…Grows together! And, stays together. (Or, they realize they shouldn’t be together and go their separate ways.)
“If you win, you win! If you lose, YOU STILL WIN! YOU CAN’T LOSE!!”
-Joe Pesci’s Joe LaMotta, in Raging Bull, advising Robert DeNiro’s Jake La Motta to take a particular fight due to both the merits and the politics.
We were reminded of the this recently when our Director and HBIC,* Captain Stephen Glenn Card, chimed in on a Facebook sailing forum. Someone posed a question about what size boat is good for learning. One can imagine what a can of worms that opened. Of course, this raised other issues. One member of the forum posted some opinions about how a sailing school program should run. (He used to do that for a living.) Captain Card agreed with much of what he said. But, he took another tack about one opinion: whether couples should learn together.
The poster basically said that any program worth going to automatically splits couples up into different boats. Our take? These days, that’s a crutch; instructors have to be able to deal with any “second instructorism” or tensions between any two or more people in the boat that arise for any reason. It’s rare that there are any. What does come up most often is when people try to help each other understand what’s going on, and that’s not limited to couples, or even people who already know each other.
We know of one high-volume school in the area that has a reputation for splitting couples up automatically. They have one of the worst school programs in the industry. We don’t know if other schools have a policy about this. What Captain Card knows is this: his father’s school (long since sold out of the family) did in fact used to do the same thing: split couples up. But, that was in the 1970’s and ’80’s! And, some couples resisted getting split. The times have changed, and teaching pedagogy and methodology – while scant in the sailing school industry – have a home here at New York Sailing Center. Our history spans ownership of two sailing schools since 1968, making this season our family’s Jubilee year: 50 years of owner/operation of schools and advising others.
What we also have done: participate in snowsports instruction, which started just after WWII and is much more evolved in teaching methodology than the sailing industry. But, that’s another story. The point is that the dynamic with couples had changed by the time Captain Card started his school (second Captain Card; second school), and sailing instruction had to change as well.
Why re-write what’s already been written? Here’s what Captain Card posted on the Facebook forum…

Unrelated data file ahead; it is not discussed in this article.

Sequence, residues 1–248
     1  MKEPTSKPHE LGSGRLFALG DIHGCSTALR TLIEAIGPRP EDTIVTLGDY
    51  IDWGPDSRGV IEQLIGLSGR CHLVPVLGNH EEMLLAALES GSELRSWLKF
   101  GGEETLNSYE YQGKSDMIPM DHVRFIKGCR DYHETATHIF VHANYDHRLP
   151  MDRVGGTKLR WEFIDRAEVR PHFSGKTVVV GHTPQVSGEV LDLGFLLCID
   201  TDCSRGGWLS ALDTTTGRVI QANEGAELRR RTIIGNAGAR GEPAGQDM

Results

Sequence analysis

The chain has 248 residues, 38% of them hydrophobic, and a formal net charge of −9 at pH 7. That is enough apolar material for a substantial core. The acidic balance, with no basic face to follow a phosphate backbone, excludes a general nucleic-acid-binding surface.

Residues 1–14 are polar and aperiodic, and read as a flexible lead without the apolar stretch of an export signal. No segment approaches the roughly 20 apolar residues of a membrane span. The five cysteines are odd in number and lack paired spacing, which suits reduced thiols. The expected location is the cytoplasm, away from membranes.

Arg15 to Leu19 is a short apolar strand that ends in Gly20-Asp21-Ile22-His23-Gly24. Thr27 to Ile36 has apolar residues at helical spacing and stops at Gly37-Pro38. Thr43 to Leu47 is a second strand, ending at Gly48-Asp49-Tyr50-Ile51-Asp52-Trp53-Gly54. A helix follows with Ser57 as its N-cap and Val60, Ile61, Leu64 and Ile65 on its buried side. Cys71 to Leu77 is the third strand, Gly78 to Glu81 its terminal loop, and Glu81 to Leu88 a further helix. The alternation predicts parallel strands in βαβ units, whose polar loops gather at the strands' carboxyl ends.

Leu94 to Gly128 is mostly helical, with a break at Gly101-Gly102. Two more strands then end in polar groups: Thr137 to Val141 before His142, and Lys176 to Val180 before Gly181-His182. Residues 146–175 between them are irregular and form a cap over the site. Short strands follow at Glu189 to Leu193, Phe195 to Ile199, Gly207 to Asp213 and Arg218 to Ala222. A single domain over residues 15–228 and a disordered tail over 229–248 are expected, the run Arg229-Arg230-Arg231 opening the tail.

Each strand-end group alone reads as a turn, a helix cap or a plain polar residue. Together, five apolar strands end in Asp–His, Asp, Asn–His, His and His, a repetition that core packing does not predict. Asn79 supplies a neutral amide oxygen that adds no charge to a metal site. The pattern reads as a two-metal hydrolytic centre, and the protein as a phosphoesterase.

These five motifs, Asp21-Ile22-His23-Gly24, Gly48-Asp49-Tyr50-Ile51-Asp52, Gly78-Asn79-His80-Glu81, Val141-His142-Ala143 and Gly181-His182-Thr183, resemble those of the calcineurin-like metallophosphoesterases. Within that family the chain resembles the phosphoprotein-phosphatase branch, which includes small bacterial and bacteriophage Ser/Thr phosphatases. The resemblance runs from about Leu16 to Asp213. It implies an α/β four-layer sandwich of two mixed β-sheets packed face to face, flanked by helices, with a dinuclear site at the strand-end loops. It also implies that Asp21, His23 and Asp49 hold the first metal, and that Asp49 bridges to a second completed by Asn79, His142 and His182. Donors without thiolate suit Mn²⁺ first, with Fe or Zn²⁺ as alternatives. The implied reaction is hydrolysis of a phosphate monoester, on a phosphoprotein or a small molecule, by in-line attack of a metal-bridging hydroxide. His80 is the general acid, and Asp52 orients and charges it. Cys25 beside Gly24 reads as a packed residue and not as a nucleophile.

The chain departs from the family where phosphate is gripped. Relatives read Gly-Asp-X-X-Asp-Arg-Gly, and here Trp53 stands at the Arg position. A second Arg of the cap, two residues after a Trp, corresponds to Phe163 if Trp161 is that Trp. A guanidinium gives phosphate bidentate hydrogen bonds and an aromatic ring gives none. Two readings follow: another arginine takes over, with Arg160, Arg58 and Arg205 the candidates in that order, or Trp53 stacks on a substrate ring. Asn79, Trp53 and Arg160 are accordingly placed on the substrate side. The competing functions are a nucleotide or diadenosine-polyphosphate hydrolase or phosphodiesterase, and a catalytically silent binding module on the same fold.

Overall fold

(*HBIC = Head Bozo In Charge)
“My father’s school had a policy of splitting couples up. That started somewhere between 1968 and 1970. My Dad was one of the original ‘Mad Men’ in the NY advertising scene before he started his sailing school; back in that day, from a professional perspective, he would have appreciated the famous campaign “You’ve come a long way, baby!” Prescient, if politically incorrect and poorly motivated by a tobacco company and the ad agency that spun it.
“But how far have we come if we still treat women differently when there’s no inherent need to? You point out the traditional scenario of a man at the helm and a woman at the bow. I agree that when there is situation involving heavy pulling and lifting, as men are usually physically larger and stronger than women, this is a reversal of the logical gender role. (When picking up floating mooring lines, or deploying an anchor on an electric windlass, this ought to be moot, but that’s a separate discussion.) Yes, I cringe when people yell from the back of the boat to the front, and the person at the front can’t hear and is yelling back.
“What I see less and less often compared to decades ago is a man angrily yelling at a timid woman. What I see more and more of is people yelling to be heard as they’re at opposite ends of the boat with wind interfering, and they should be using hand signals or headsets. (Sometimes it’s a woman in back and a man in front; sometimes it’s two men; sometimes it’s two women. Yes, too often, it’s the traditional roles you speak of.) I LOVE it when a woman is at the bow, calling the shots using hand signals or a wireless headset, and a man is following her specific and accurate instructions, and BOOM – the boat is moored, anchored or docked expertly with no fuss.